There are two translational zero modes at the initial state minimum, while – due to the lattice discretisation and the defect-like shape of the skyrmion at the saddle point – there are no zero modes at the saddle point. Consequently, the transition rate prefactor has a linear temperature dependence.

iii.6 Minimum Mode Following Method

To find the first order saddle points on the energy surface, without prior knowledge of the possible final states, the minimum mode following method mueller_duplication_2018 () can be used. The effective force acting on a spin configuration is defined as


where is the negative gradient of the energy and is the normalized eigenvector corresponding to the lowest, negative eigenvalue of the Hessian matrix of second derivatives. Note that these vectors and the dot product are -dimensional for a system with spins.

The calculation of second derivatives requires further attention, as the requirement of constant length effectively constrains the spins to a sub-manifold of an embedding space . As is shown in Ref. mueller_duplication_2018, , the covariant second derivatives, valid at all points of the phase space, can be calculated using a projector-based approach. absil_extrinsic_2013 () The corresponding Hessian matrix can be represented as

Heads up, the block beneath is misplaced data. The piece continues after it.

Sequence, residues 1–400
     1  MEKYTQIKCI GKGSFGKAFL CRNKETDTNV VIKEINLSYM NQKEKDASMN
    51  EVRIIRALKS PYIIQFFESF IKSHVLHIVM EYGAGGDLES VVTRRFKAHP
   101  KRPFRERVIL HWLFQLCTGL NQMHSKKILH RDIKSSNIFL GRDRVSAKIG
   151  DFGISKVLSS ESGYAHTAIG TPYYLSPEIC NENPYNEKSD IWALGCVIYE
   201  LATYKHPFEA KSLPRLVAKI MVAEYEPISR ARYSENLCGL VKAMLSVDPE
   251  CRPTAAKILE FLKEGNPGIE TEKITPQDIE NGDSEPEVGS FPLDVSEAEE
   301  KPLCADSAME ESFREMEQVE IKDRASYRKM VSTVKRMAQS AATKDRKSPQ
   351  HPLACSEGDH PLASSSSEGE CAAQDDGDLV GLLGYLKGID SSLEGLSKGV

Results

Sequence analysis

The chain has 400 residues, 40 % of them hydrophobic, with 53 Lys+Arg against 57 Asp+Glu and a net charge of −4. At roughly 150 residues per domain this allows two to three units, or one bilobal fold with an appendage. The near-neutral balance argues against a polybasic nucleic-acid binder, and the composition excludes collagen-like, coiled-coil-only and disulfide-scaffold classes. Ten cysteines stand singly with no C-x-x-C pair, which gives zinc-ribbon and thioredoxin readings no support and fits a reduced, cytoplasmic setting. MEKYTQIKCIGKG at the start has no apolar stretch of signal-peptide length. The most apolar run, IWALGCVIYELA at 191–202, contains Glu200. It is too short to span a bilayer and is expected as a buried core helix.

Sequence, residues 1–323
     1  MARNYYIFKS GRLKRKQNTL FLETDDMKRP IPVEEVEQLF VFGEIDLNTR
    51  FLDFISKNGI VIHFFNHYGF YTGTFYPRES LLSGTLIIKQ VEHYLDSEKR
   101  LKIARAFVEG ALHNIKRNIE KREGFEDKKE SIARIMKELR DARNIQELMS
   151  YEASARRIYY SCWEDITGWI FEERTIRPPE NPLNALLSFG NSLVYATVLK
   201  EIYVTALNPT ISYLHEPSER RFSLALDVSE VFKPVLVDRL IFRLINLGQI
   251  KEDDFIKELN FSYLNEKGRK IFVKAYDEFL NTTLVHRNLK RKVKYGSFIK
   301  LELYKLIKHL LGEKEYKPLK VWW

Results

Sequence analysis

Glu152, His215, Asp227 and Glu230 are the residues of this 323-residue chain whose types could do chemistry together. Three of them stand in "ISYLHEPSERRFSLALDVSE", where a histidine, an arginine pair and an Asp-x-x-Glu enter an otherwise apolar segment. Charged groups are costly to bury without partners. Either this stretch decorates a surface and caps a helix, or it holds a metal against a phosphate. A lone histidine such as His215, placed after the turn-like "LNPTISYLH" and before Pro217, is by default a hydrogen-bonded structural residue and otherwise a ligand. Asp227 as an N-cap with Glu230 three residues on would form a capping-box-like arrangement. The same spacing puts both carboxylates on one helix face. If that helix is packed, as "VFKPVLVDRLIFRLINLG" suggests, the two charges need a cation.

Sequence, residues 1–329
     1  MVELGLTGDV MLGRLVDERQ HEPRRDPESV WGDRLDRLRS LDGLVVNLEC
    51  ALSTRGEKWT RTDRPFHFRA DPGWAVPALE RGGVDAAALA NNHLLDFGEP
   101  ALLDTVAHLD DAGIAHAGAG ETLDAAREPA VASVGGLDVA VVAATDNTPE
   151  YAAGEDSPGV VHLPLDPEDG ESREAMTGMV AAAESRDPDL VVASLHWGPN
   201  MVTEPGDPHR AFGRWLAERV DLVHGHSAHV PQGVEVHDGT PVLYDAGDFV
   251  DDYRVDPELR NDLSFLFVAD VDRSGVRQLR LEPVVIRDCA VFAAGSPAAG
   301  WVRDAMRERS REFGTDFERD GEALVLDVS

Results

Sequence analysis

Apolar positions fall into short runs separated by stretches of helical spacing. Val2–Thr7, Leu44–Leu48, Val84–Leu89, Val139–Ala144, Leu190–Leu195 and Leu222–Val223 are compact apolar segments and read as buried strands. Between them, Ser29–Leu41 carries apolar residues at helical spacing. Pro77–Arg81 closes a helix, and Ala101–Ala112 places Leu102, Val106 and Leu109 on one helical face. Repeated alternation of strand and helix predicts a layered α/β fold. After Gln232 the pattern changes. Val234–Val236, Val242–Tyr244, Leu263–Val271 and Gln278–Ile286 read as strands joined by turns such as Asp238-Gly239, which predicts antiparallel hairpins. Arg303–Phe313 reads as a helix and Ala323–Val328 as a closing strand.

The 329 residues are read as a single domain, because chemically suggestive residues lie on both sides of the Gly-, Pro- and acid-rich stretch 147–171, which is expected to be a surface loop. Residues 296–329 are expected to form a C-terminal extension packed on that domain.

where and are spin indices, is the smooth continuation of the Hamiltonian to the embedding space, , is the unit matrix and is a matrix that transforms into a tangent space basis of spin . As the Hessian matrix (23) is represented in the -dimensional tangent basis, the evaluation of an eigenmode in the -representation of the embedding space requires a transformation back, i.e. . Further details on the above mathematical concepts and notations can be found in Appendix H.